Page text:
Referring now to FIGS. 5A and 5B, following the injection of the polymer 18, the interior trim component 10 is removed from the first and second mold tools 12, 14 with both the laminate 16 and the second laminate 34 automatically and securely bonded to the polymer 18. The side and perspective views of FIGS. 5A and 5B, respectively, show that only the face layer 20 of the laminate 16 is visible where the mold is bonded with laminate 16 and only the face layer 20 of the second laminate 34 is visible where the mold is bonded with the second laminate 34. The interior trim component 10 of this embodiment includes decorative face layers 20 on both of its sides.

The advantages of the present invention can now be recognized. The laminate 16 may be used in both high-pressure and low-pressure injection molding methods. In addition, the laminate 16 may be used in injection molding methods of polymers 18 with blowing or expanding additives, such as MUCELL. This versatility, in conjunction with a method requiring less steps where the laminate 16 does not have to be separately stitched or otherwise secured to the polymer 18, results in a manufacturer cost savings. Additionally, by fusing the polymer 18 with the laminate 16, it is unlikely that the laminate 16 will become too loose or too taut during normal use, i.e., various temperatures. The use of the face layer 20 strengthens this outcome.

Aesthetically, a versatile choice for the face layer 20 allows the customer to choose a material most pleasing to their tastes. By color matching the face layer 20 to the barrier layer 24, a nick or a scratch in the face layer 20 reveals only the same-colored barrier layer 24 underneath, minimizing the impact of nicks and scratches on the appearance of a vehicle interior. Additionally, a color chosen for the barrier layer 24 can function to intensify or mute the color of the face layer 20 if the face layer 20 is thin enough for the barrier layer 24 to show through. Many variations are possible regarding layer thicknesses as well. A thin face layer 20 can be paired with a thick barrier layer 24. Conversely, a thick face layer 20 may allow for a lighter barrier layer 24. If both the face layer 20 and the barrier layer 24 chosen are heavy, the resulting laminate 16 will likely have a soft touch feel which may be desirable to some customers.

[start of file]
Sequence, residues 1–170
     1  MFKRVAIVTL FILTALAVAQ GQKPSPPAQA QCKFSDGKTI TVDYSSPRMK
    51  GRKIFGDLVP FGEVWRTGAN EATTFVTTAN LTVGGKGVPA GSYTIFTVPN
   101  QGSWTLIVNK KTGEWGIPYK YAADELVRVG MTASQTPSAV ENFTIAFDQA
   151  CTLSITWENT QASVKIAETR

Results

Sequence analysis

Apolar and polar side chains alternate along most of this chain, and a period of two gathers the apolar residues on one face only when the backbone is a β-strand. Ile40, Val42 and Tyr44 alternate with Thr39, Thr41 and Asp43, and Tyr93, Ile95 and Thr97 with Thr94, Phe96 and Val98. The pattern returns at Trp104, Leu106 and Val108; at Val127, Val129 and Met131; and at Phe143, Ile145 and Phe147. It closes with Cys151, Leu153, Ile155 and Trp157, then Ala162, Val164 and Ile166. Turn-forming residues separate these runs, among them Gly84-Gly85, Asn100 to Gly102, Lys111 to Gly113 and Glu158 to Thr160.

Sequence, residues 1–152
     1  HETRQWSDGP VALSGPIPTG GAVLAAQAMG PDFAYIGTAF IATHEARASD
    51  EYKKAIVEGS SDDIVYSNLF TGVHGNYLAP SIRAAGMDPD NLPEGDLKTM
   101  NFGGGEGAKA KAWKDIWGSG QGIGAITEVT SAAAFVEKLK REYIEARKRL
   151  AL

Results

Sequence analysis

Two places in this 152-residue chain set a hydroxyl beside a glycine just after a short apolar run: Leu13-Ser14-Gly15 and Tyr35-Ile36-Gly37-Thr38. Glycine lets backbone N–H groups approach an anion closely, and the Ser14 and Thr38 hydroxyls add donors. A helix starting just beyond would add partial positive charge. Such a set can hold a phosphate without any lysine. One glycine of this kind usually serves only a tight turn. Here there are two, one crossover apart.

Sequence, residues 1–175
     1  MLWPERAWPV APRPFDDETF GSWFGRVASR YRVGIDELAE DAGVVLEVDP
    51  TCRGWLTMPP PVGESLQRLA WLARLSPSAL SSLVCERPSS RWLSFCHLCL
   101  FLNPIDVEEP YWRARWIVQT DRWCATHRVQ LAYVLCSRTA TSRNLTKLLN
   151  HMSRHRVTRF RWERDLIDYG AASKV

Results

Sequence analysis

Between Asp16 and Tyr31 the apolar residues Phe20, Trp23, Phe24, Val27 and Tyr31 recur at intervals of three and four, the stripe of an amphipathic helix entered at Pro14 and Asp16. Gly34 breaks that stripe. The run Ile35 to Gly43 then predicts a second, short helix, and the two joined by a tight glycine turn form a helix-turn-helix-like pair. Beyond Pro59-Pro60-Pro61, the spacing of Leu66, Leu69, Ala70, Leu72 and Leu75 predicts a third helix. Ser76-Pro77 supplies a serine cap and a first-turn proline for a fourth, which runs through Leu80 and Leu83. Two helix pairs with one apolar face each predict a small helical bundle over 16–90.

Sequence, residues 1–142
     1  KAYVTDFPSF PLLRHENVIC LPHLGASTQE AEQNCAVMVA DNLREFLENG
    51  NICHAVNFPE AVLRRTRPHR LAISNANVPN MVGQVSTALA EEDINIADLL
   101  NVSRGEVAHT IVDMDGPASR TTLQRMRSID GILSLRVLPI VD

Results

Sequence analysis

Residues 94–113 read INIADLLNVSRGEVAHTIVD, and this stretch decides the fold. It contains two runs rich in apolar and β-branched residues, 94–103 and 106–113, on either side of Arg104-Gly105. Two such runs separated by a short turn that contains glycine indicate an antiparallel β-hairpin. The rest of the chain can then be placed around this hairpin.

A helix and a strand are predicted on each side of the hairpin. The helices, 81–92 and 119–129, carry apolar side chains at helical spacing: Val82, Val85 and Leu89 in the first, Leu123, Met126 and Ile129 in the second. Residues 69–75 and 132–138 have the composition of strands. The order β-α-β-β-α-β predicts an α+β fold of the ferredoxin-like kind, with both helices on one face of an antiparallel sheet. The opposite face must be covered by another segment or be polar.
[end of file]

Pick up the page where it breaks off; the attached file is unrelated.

It can thus be seen that the subject invention provides an interior trim component 10 and a method of forming the interior trim component 10 where the laminate 16 is positioned into the injection molding apparatus prior to injection of the polymer 18 such that the laminate 16 bonds with the polymer 18 molding, i.e., during the injection step. Therefore, associated costs, including labor, of covering the polymer 18 with the laminate 16 are reduced and any space between the laminate 16 and the polymer 18 is virtually eliminated.

The invention has been described in an illustrative manner, and it is to be understood that the terminology which has been used is intended to be in the nature of words of description rather than of limitation. Obviously, many modifications and variations of the present invention are possible in light of the above teachings. It is, therefore, to be understood that reference numerals are utilized merely for convenience and are not to be limiting in any way, and that the invention may be practiced otherwise than as specifically described.

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Referenced by
Citing PatentFiling datePublication dateApplicantTitle
US8034268 *Jul 29, 2008Oct 11, 2011The Boeing CompanyMethod for manufacturing lightweight composite fairing bar
US8574473Aug 5, 2010Nov 5, 2013Ford Global Technologies, LlcFoamed resin injection molding method
US20110318592 *Aug 24, 2010Dec 29, 2011Fih (Hong Kong) LimitedMolded article and method for making the same
Classifications
U.S. Classification264/258, 264/259
International ClassificationB32B5/26, B29C45/14, B29C65/70, B32B7/12
Cooperative ClassificationB32B7/12, B29C45/14467, B29C2045/14532, B29K2995/0067, B32B5/26, B29K2105/0818, B29C2045/14844, B29L2031/3041, B29L2031/3014, B29K2713/00, B29C45/14811, B29L2031/3011, B29K2715/006
European ClassificationB29C45/14G, B29C45/14Q4, B32B5/26, B32B7/12
Legal Events
DateCodeEventDescription
Apr 20, 2010FPExpired due to failure to pay maintenance fee
Effective date: 20100228
Feb 28, 2010LAPSLapse for failure to pay maintenance fees
Oct 5, 2009REMIMaintenance fee reminder mailed
Feb 3, 2003ASAssignment
Owner name: GLOBALTEX 2000, LTD., CANADA
Free format text: ASSIGNMENT OF ASSIGNORS INTEREST;ASSIGNORS:CECCHIN, EUCLIDE;SYED, JOSEPH OMAR;ARMSTRONG, DAVE;AND OTHERS;REEL/FRAME:013719/0248;SIGNING DATES FROM 20030114 TO 20030121